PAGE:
Today, I was reading the blog for RockMelt, a cool new social browser that makes Google’s chrome look, feel, and act a lot slicker. I came across a post:
I remembered, fondly, how we came up with the name for Plumtree Software, a company I started with a few friends in 1997. I have been asked about the name quite a few times over the years. After explaining, inevitably, I got either blank stares, or saw heads shaking in disbelief.
The name came from James Joyce’s epic, Ulysses. Two of the original founders were Joyce fans, one was an English major from Berkeley with a passion for Ezra Pound. So, why not? In one of the early chapters of the book, Bloom, the main character walks into a shop to buy a kidney that he is planning on cooking for breakfast. He buys it, and notices that the kidney is wrapped in a newspaper that features an advertisement for George Plumtree’s potted meat. Think of it as an Irish corned-beef hash… The ad reads:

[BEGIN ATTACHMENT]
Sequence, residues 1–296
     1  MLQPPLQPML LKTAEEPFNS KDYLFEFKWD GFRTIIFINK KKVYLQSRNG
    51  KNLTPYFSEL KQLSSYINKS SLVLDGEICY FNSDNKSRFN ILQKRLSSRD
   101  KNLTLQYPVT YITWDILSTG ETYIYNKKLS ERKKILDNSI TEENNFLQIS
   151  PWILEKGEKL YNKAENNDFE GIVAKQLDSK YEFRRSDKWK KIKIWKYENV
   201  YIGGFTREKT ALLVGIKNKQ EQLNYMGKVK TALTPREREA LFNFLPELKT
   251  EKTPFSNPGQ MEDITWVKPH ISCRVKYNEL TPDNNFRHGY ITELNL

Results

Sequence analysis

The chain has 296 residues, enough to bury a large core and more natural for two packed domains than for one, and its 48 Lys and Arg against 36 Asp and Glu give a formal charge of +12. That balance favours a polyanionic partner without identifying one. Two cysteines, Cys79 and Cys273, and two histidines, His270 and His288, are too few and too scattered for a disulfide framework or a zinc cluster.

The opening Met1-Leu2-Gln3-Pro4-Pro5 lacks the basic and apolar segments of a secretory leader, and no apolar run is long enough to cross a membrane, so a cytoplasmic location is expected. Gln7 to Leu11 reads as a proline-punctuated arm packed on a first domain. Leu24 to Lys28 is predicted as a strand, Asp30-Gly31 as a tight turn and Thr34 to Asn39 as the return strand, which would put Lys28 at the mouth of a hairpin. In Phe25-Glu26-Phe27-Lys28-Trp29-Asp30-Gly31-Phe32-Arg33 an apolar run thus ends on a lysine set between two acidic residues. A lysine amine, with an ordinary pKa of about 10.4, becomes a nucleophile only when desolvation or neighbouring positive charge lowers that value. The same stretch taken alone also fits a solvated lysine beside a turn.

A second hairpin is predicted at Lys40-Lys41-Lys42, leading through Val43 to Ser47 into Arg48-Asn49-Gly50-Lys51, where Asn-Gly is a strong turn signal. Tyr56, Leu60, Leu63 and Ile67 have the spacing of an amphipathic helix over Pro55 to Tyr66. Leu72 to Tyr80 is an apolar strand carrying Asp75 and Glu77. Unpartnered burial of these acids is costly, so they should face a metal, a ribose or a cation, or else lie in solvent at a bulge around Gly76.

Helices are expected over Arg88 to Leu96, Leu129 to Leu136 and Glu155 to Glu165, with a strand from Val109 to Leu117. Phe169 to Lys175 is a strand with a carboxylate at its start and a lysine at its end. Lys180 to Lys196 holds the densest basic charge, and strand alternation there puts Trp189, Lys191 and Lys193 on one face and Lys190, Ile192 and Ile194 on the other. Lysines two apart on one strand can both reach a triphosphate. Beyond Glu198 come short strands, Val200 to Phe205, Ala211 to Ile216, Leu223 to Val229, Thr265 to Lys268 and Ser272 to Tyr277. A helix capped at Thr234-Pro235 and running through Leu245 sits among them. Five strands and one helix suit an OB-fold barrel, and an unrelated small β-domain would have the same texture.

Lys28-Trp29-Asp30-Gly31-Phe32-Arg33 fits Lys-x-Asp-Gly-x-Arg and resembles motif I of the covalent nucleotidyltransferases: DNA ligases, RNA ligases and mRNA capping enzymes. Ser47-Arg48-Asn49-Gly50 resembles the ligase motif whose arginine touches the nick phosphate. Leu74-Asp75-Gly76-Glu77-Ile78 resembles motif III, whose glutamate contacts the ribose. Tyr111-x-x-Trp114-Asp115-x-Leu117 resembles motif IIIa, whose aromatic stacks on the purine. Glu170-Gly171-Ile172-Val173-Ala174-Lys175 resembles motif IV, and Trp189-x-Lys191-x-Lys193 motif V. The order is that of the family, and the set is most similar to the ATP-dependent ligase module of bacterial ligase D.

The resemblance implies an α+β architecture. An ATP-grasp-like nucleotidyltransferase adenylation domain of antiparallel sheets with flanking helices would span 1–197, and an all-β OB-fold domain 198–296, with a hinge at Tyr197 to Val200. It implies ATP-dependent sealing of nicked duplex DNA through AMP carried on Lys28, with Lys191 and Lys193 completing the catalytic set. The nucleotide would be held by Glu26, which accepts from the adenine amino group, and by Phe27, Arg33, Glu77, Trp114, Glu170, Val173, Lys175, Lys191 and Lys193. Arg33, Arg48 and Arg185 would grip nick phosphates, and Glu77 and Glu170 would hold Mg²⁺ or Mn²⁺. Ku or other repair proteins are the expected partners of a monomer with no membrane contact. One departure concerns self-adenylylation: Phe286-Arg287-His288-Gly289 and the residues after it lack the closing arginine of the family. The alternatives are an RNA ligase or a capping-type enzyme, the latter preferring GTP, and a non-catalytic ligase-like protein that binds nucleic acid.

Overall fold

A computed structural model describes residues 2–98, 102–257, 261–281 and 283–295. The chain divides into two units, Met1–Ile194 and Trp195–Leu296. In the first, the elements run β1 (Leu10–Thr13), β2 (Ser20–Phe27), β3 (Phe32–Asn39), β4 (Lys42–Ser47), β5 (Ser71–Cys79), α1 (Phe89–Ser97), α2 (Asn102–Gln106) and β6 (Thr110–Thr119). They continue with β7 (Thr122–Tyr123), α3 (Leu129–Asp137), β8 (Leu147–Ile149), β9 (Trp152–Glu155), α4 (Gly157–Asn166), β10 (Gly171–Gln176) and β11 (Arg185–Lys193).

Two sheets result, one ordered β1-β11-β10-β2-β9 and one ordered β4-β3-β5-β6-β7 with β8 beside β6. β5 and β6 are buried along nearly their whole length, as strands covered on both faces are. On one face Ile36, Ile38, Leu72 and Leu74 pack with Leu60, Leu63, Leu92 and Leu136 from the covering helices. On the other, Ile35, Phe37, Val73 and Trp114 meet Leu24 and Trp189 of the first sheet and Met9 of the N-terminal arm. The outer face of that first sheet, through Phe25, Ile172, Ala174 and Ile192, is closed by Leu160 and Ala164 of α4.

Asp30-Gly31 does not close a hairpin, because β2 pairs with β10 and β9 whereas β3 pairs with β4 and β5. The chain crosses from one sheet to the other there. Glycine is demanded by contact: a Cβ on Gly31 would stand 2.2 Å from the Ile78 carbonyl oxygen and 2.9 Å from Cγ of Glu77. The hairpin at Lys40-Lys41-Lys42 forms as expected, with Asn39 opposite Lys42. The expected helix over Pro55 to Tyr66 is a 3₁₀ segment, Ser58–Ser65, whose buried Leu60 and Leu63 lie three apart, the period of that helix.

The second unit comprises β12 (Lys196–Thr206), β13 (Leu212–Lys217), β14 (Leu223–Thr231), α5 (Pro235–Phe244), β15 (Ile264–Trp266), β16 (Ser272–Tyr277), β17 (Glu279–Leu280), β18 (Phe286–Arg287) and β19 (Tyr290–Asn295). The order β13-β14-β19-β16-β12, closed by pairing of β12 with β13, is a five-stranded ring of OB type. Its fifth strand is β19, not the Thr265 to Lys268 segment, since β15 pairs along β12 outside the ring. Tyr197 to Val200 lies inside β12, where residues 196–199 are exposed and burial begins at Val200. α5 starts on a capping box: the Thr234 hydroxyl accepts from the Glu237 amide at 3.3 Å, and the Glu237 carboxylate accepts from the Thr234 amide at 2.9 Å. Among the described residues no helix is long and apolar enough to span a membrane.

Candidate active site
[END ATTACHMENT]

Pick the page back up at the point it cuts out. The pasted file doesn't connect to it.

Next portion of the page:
What is a home without Plumtree’s Potted Meat?
With it an abode of bliss.
Manufactured by George Plumtree, 23 Merchants’ quay, Dublin, put up in 4 oz pots, and inserted by Councillor Joseph P. Nannetti, M.P., Rotunda Ward, 19 Hardwicke street, under the obituary notices and anniversaries of deceases. The name on the label is Plumtree. A plumtree in a meatpot, registered trade mark. Beware of imitations. Peatmot. Trumplee. Moutpat. Plamtroo.
And that’s that… the real story of the company’s name. How can one not want a home that’s an “abode of bliss” while being keenly aware of cheap imitations? The guys at Sequoia knew the name’s origin and didn’t seem to mind. And I don’t think that George Plumtree (or James Joyce) ever expected this whimsical entity to be trading on NASDAQ under the ticker: “PLUM”.
Moral: when naming your company, make it meaningful to you, and special to you. It’s sort of like naming a child… and a company is your child, after all. It’s your choice, but, remember, the child will have to live with the name for the rest of his life.
About Kirill Sheynkman
I am the Senior Managing Director of RTP Ventures. I am a three-time founder of software startups including Stanford Technology Group, Plumtree Software and Elastra (an acquisition, an IPO, and a failure): spent most of my life building companies and working with VCs. Now a VC myself. Still not 100% sure I like it.